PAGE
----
Hvolsvöllur is a small town of 950 people in south Iceland, conveniently located by the Ring Road. It is often travelled through or stopped off in by those exploring the South Coast or encircling the country.
It is very popular as a place to stay in a cabin or bungalow for those who want to be close to the sites of the west and south, such as the Golden Circle, but away from the hustle and bustle of Reykjavík.
Hvolsvöllur’s main economy is services to the surrounding agricultural area, which has an additional 600 people. It is also a growing place tourism, considering its easy accessibility to Iceland’s capital and some of its major natural sites.
The area around Hvolsvöllur features prominently in one of the most famous Icelandic sagas, Njál’s saga. These sagas were epic works of fiction, which encapsulated much of the history (and folklore) of Iceland in its early era.
Njál’s saga is often thought of as one of the best, as many believe it to have been written by legendary historian and poet, Snorri Sturluson.
There is an excellent Icelandic Saga Centre in the town that those who love literature and history should not miss checking out.
‘The Exhibition of Njál’ is the first of its two exhibitions, introducing guests to the characters of the sagas, along with the Viking cosmology and the literary arts that have existed in Iceland for centuries.
The other is on the history of trade, commerce and the cooperative movement in the 20th century. While this may not seem fascinating, Iceland’s journey through this time is actually quite a riveting story.
In the early 1900s, the country had little changed since the medieval era. People still scraped a living off fishing and farming, lived in turf houses or, if they were extremely poor, caves, and had very little industry or infrastructure. The nation was still under the Danish Crown, with little to no contact with the outside world.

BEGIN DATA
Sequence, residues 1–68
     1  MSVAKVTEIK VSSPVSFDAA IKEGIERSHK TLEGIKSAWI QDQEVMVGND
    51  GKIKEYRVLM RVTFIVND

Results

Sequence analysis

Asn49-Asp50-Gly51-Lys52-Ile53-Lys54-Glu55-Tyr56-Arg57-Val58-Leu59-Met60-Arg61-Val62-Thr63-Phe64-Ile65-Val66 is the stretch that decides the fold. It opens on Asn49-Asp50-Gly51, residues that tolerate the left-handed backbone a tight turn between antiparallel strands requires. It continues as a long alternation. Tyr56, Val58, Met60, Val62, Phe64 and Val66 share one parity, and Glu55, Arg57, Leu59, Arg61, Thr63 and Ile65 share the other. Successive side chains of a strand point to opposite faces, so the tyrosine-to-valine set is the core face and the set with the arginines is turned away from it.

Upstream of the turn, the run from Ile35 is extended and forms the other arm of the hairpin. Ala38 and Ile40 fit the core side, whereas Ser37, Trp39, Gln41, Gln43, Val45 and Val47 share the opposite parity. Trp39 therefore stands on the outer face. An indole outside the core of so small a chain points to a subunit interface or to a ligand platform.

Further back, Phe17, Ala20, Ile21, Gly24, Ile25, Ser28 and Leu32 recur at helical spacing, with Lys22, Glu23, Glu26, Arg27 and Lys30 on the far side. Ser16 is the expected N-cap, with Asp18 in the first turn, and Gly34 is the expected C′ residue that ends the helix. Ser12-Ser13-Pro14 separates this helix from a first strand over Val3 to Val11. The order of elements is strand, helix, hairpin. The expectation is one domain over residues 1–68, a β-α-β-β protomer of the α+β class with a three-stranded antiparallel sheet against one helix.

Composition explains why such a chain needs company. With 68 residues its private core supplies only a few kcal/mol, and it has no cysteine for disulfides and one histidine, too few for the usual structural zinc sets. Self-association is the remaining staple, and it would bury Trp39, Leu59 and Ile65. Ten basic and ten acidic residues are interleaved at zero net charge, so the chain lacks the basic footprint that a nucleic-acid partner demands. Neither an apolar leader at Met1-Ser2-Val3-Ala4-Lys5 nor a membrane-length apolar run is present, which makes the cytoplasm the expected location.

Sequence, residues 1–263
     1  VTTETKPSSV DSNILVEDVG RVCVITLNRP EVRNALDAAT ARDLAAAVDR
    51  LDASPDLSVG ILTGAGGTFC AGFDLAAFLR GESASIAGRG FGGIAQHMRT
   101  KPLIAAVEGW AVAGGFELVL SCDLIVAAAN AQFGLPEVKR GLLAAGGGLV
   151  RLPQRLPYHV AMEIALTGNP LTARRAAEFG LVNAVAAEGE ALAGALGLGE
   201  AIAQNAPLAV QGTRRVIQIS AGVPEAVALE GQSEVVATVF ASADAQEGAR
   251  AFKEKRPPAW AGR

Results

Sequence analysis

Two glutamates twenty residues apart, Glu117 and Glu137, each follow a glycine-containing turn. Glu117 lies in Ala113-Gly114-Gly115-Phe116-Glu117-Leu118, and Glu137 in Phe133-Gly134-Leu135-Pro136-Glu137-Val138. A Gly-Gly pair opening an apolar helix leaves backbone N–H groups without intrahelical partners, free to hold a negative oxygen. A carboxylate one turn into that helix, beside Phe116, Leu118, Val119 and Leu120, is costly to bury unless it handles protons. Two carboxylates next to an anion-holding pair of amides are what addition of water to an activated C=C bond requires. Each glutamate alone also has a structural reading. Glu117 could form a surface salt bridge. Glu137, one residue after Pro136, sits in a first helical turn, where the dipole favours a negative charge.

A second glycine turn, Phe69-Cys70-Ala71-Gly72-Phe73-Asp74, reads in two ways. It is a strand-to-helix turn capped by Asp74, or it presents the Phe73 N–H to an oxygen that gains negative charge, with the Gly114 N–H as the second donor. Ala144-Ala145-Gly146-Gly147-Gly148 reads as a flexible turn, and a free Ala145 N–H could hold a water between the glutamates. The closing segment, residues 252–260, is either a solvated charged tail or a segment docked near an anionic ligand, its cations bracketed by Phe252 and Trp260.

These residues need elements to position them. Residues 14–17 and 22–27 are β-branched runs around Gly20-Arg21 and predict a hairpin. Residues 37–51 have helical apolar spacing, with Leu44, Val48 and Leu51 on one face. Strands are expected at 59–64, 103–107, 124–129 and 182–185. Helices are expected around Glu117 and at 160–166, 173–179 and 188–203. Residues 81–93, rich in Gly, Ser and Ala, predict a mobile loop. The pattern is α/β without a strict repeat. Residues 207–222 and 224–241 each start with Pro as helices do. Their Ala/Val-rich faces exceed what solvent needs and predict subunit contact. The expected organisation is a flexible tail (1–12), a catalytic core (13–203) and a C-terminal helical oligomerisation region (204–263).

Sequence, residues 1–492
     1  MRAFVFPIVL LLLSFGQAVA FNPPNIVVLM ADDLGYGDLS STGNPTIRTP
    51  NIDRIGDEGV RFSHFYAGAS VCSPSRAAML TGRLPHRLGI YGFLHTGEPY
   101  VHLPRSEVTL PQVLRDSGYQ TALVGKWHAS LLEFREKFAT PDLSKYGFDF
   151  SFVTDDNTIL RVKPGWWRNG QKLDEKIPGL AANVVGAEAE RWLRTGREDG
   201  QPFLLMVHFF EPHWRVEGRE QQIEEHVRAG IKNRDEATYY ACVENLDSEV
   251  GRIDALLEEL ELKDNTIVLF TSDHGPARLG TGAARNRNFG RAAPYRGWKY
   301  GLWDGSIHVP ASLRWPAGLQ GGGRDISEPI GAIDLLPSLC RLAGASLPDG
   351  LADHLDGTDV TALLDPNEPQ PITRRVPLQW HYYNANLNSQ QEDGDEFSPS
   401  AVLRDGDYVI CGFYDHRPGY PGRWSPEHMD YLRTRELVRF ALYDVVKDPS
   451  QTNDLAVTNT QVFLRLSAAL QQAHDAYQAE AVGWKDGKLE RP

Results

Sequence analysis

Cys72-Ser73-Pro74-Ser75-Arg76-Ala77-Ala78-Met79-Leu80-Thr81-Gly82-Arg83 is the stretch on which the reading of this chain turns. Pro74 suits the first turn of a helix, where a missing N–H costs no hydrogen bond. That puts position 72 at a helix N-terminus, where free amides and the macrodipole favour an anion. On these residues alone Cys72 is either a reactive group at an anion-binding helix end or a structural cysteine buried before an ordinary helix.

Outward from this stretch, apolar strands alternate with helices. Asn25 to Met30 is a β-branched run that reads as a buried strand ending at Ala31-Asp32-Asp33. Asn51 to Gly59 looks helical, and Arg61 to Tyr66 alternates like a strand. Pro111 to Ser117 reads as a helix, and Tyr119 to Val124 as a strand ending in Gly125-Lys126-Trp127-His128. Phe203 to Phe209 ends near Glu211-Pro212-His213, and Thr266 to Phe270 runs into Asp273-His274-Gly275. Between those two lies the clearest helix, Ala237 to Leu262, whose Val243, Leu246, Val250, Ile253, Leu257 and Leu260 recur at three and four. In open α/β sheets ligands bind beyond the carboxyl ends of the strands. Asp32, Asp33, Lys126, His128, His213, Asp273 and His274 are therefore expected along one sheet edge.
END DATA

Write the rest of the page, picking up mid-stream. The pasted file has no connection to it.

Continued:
Fast-forward to 1999, and Iceland was already the developed country it is today, leading the world on issues such as gender equality, technological prowess, social fairness and civil rights.
You can also view a model of Alþingi, Iceland’s parliament, founded at Þingvellir in 930 AD here.
Hvolsvöllur also has homed the Lava Centre since 2017, an interactive museum where visitors can learn about the earthquakes and volcanoes that shape this country.
There is also a nice gallery in town, and a good restaurant in the Saga Hall, a replica of a medieval longhouse.
Hvolsvöllur has a number of interesting hiking routes in its vicinity. Among interesting sights is the large and peculiar rock Drangurinn by the farm Drangshlíð, under the Eyjafjöll mountains.
Hvolsvöllur is also a short drive from many other interesting attractions, among them some of Iceland’s most famous. One of Iceland’s oldest swimming pools, Seljavallalaug, is about 44 kilometres (27 miles) from the town. At a 14 kilometre (nine mile) distance is the rural area of Fljótshlíð and the farm Hlíðarendi. According to Njal's Saga, its hero, Gunnar, lived there.
There is good trout and salmon fishing in the nearby rivers. Several interesting caves, both natural and man-made are in driving distance from Hvolsvöllur.
Of course, as mentioned, the town is also a perfect launching point from which to explore the Golden Circle, which consists of the Geysir Geothermal Area, Gullfoss Waterfall, and Þingvellir National Park.